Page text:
Deserts aren’t always large, moving piles of sand — and, contrary to common misconceptions, they aren’t even always roasting hot! Around the world, deserts cover up to 1/8 of the land and are found on every continent. They can be hot (the Sahara reaches up to 122 degrees F or 50 Celsius) or cold (McMurdo Dry Valleys, Antarctica, has an average temperature of -20C or -4F). Big (the Sahara is the largest hot desert) or small (the Atacama in Chile).
While in North America we’re all familiar with the deserts in the Southern United States, what most people don’t know is that Canada also has a desert — or rather what many consider a desert — that’s even smaller than the Atacama Desert. This tiny desert is outside Carcross, Yukon, and covers a mere 260 hectares, or 642 acres.
Visiting Carcross Desert
We visited Carcross on our giant loop road trip for the 75th Anniversary of the Alaska Highway. We’d already driven the Alaska Highway from Whitehorse, Yukon, to Alaska, several years earlier, so headed south from Whitehorse on the Klondike Highway to Skagway, to take the Alaska Marine Highway to Juneau, then on to Prince Rupert. Leaving the ferry after our final 30 hour boat ride, we followed the Yellowhead Highway back home to Saskatchewan.
But back to the Klondike Highway, where a desert was the last thing we’d expected to see!
When we came to the rolling dunes, we pulled off the highway to explore. Dozens of others were already hiking through the shifting sands of what was once the bottom of a large glacial lake — locals enjoy it year round for hiking, biking, and even snowmobiling.
Walking Through Carcross Desert
It was a chilly day in the shadow of the ominously dark mountains, so I wasn’t tempted to slip off my shoes to feel the sand of Carcross Desert between my toes. However, if I had, I wouldn’t have had to worry about the usual prickly cactus. Indeed, there isn’t any of this common desert plant at Carcross.
Instead, purple flowered Yukon lupine pop up here and there on the slopes. Baikal sedge, another rare plant found in the Yukon, also thrives here far away from its native Asian home. Some suggest the plants came with the migrations across Beringia, as much as 35,000 years ago.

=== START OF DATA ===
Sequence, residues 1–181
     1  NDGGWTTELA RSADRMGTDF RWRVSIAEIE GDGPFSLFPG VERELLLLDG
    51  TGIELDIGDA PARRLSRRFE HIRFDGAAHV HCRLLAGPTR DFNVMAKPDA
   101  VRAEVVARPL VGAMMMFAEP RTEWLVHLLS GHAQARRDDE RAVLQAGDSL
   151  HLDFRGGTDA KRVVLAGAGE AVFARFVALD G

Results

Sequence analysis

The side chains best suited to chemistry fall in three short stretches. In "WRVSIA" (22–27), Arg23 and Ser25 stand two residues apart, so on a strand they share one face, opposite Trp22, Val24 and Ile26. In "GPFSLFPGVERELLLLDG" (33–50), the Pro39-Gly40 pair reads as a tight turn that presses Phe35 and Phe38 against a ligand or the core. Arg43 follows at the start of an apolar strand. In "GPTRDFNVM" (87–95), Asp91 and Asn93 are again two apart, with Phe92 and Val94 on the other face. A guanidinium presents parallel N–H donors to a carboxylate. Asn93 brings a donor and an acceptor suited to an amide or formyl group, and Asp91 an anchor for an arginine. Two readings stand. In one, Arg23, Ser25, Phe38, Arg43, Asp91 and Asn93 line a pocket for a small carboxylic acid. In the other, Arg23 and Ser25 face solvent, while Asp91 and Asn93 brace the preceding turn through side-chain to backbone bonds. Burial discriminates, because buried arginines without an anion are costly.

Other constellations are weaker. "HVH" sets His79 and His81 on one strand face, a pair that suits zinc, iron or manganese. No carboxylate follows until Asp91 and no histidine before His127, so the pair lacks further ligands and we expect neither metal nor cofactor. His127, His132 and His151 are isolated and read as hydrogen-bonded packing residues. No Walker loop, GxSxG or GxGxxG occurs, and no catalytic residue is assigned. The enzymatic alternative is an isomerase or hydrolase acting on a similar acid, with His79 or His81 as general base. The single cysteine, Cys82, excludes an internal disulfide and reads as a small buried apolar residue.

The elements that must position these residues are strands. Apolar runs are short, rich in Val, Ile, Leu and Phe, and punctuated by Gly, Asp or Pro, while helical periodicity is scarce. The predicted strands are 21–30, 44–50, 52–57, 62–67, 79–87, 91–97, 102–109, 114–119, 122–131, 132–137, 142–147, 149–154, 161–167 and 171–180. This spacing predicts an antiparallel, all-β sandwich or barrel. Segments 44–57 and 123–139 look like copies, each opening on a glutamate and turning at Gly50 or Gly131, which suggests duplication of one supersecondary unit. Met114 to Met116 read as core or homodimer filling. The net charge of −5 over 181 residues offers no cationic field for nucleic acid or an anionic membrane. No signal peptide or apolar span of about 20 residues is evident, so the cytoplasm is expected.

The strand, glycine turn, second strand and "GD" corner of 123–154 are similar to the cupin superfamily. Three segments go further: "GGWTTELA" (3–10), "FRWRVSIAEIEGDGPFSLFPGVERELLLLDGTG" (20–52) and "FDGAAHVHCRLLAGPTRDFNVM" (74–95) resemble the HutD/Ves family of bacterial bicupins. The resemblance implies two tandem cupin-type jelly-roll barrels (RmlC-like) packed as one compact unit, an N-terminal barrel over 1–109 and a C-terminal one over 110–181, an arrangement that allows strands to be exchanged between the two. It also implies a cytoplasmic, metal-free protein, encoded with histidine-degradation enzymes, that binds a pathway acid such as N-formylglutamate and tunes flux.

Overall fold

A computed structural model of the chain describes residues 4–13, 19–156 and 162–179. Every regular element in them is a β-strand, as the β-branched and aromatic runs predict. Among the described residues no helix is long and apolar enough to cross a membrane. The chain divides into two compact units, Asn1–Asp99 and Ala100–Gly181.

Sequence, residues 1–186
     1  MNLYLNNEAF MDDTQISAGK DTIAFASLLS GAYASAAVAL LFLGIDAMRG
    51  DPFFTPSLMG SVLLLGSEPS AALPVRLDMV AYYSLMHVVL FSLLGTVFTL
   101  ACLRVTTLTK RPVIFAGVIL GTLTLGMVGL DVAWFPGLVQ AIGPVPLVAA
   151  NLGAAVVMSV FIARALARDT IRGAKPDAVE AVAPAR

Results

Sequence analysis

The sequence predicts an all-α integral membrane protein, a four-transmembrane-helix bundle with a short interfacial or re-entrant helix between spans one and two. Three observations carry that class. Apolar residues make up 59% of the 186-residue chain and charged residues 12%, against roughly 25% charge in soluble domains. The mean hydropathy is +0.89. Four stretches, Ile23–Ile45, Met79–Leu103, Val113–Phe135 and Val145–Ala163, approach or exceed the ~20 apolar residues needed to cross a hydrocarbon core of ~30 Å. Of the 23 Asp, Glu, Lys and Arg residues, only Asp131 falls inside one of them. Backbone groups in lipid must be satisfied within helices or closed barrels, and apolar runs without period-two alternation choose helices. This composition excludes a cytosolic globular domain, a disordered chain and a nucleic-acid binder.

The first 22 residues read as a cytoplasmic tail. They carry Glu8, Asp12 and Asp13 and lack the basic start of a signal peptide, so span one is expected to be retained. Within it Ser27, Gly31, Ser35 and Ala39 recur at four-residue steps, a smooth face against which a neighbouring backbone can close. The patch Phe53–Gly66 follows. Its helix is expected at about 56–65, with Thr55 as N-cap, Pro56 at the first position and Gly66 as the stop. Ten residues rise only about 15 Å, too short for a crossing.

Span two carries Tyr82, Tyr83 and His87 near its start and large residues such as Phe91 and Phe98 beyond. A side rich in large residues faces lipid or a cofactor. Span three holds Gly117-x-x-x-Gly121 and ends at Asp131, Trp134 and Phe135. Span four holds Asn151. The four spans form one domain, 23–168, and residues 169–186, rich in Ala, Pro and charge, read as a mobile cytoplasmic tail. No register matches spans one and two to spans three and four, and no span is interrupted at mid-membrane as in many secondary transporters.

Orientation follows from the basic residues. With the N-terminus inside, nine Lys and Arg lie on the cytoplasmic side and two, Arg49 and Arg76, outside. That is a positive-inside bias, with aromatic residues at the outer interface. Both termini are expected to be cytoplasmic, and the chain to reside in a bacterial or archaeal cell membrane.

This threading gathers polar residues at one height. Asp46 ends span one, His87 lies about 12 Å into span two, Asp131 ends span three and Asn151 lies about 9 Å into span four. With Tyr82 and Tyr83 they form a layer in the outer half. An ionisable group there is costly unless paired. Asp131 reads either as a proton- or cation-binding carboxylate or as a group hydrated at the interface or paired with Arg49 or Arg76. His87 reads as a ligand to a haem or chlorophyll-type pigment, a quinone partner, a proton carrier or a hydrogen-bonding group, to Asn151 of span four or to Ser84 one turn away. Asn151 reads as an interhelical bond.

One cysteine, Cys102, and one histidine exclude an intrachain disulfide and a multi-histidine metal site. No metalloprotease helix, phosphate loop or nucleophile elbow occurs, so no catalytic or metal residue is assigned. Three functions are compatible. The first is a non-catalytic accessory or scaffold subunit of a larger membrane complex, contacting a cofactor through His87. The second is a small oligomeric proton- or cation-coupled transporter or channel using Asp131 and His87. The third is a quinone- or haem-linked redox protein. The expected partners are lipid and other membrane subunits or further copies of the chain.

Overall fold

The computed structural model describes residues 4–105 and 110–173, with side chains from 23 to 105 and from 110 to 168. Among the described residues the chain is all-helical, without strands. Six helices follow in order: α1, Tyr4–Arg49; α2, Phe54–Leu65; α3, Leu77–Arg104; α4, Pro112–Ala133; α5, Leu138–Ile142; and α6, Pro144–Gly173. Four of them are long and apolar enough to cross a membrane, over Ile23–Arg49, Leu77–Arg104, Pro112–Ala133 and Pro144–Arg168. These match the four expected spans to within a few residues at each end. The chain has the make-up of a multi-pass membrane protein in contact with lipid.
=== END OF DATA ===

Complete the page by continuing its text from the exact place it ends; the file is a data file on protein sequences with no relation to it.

The main vegetation though, in this place of ever-shifting sands, are lodgepole pine trees. You may already be familiar with the prickly needles of this evergreen conifer tree as it’s found in all kinds of settings. Here at Carcross, it thrives in the dry sandy soils. However, it’s also found in various boggy, moist places.
And if you’ve ever wondered why this tree is called a lodgepole pine, it’s because it was commonly used as the poles for tipi shelters of the first North Americans. Over the centuries, it has also had various other uses, such as a medicine for sore muscles and body pain. People even chewed the bark for a sore throat!
Is Carcross Really the World’s Smallest Desert?
When I first looked up the Carcross Desert on the Web, I found many sites indicating it was the world’s smallest desert. Most claimed the Guinness Book of Records had even acknowledged the fact. However, when I checked out the actual Guinness Book of Records online, they named the Atacama as the smallest desert. Just to be sure, I checked the article date, and found that their website indicates that all online content is up-to-date, meaning the Atacama record stands.
So, sadly, the Carcross Desert is the world’s smallest desert in local lore only, since it’s actually a series of sand dunes.
Getting to the Carcross Desert
You can visit the Carcross Desert on the Klondike Highway. While you’re in Carcross, be sure to check out the historical little village and its visitor center.
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About the Photo
The photo in the header above was taken at the Carcross Desert in Carcross, Yukon, Canada, on the Klondike Highway.